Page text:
Can a Mississippian be president?
If you typed “Mississippi” into a Google News search Tuesday, the top headline on the list was nothing of which to be proud.
“Judge tells Mississippi schools to stop segregating,” it read. And it wasn’t followed by a secondary headline saying “Looking back” or “Today in history.”
No, that court ruling happened Tuesday, in 2010, not in the 1960s, or even the 1980s as it did in Natchez.
The judge was talking to schools just down the road and to our east a bit, in Tylertown.
Apparently, the public school district in town has, for years, allowed white parents to transfer their students away from the mostly black school in their residential area and into a mostly white one 10 miles away, violating a desegregation order that governs the district.
Unfortunately, lifelong Mississippians have felt the cringe of seeing our state’s name tied to race in national headlines all too often. We’ve become comfortable as the butt of jokes, resigned to being ranked near the bottom.
But the unpublicized, but much rumored, aspirations of one “fat redneck” could make us famous for something else someday soon.
Gov. Haley Barbour poked fun at his own weight and Southern drawl recently during an interview with a CNN anchor.
The interview was just one of many public appearances some believe are the early stages of a presidential campaign.
The Republican governor has never outright said he plans to run for president. In fact, he’s quite good at avoiding the question altogether and did so with wonderful Southern charm and grace in our own newspaper conference room a few years back.
But the speculation continues to swirl.
Barbour is suave, as suave as a fat redneck can be anyway.
He’s certainly politically connected and is widely viewed as the Republican with the most influence among party members.
And he’s inspiring, as we learned after Hurricane Katrina when the collective state took Barbour’s guiding hand as we “hitched up our britches.”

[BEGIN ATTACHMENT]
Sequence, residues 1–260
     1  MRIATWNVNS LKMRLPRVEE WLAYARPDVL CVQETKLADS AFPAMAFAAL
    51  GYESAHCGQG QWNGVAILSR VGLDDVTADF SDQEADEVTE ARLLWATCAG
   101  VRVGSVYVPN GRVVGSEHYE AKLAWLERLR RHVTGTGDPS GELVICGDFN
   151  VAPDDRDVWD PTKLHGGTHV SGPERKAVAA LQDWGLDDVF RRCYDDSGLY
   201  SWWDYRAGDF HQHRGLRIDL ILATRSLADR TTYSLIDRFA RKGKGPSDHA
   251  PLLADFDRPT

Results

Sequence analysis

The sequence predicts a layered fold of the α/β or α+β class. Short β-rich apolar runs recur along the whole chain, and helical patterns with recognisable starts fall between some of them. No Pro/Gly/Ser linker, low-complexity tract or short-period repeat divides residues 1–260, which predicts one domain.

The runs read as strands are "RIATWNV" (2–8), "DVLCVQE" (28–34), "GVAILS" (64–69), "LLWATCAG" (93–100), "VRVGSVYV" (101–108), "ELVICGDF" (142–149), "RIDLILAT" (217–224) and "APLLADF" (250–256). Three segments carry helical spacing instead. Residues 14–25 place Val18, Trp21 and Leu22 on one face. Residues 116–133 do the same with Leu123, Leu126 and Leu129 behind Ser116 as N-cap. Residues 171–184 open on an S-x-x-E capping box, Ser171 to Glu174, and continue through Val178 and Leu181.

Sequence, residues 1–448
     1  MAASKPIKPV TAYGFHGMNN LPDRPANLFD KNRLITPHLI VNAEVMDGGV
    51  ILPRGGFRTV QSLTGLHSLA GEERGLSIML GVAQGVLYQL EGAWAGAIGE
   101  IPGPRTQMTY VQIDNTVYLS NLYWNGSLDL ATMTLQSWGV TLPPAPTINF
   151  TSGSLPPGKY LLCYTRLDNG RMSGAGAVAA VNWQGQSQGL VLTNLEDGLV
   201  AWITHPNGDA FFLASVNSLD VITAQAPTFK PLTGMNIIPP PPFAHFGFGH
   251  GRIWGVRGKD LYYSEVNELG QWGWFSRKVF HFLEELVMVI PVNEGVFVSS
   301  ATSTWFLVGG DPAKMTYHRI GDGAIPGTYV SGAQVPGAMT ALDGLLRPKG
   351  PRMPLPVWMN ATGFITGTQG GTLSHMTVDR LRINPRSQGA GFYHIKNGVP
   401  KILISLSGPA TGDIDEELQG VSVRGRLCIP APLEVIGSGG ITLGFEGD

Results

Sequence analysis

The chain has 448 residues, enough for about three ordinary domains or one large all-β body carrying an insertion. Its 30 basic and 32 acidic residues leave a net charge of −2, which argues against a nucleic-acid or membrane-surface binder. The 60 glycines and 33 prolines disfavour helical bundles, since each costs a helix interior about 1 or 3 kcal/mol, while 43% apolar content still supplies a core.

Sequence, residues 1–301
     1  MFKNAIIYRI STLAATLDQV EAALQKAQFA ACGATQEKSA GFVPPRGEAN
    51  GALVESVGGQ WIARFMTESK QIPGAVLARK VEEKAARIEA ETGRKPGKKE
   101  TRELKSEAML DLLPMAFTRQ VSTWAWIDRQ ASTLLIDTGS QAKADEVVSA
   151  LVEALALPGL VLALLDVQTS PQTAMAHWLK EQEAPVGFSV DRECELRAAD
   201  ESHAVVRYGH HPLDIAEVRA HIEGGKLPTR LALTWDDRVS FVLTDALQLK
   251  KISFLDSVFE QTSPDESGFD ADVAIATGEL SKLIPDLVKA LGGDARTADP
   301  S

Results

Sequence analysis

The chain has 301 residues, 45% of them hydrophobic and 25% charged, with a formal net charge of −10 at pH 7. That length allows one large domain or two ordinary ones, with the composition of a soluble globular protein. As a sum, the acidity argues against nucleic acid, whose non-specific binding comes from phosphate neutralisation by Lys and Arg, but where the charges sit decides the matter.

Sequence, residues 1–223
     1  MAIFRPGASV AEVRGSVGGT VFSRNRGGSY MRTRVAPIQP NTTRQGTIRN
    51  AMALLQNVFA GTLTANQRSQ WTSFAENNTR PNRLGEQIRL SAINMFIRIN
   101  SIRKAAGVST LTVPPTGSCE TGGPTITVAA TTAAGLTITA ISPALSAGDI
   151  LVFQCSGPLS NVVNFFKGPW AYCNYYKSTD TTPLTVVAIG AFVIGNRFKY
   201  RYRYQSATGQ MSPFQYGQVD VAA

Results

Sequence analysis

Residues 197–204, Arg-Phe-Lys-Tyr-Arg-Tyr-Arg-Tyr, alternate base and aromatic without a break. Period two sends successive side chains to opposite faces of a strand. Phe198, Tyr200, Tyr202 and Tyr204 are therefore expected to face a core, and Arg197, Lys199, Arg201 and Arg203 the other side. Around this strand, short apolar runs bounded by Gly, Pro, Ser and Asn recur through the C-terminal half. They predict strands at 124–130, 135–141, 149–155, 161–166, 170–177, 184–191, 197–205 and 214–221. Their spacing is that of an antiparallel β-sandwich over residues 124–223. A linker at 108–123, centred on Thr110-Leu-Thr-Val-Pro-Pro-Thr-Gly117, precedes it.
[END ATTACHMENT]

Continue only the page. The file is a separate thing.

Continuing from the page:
But can Barbour win the presidency?
Or, shall we ask, can a Mississippian win the presidency?
Arkansas, Alabama and Louisiana have a history of race problems. For that matter, so do Ohio, Michigan and every other northern state.
But no state carries the racial stigma of Mississippi.
And Barbour’s already leaving a trail of racially charged crumbs on which detractors will munch.
He dismissed, earlier this week, criticism of the Virginia governor who omitted any mention of slavery in a Confederate History Month proclamation.
A similar proclamation in Mississippi made news the next day.
Barbour and supporters must look no further than former Sen. Trent Lott to see what can happen to the political career of a Mississippian who doesn’t carefully watch his tongue when it comes to race.
But maybe the trail of crumbs is irrelevant. The Mississippi stereotypes may already be too strong in the rest of the country.
Could our nation go from a black president to a Mississippian?
No one knows who our next chief will be. But a Mississippian in the White House, well, that would be a Google News headline worth printing out.
Julie Cooper is the managing editor of The Natchez Democrat. She can be reached at 601-445-3551 or firstname.lastname@example.org.
BATON ROUGE, (AP) — Liking the recent switch to daylight-saving time? One lawmaker is proposing that Louisiana observe it year-round.... read more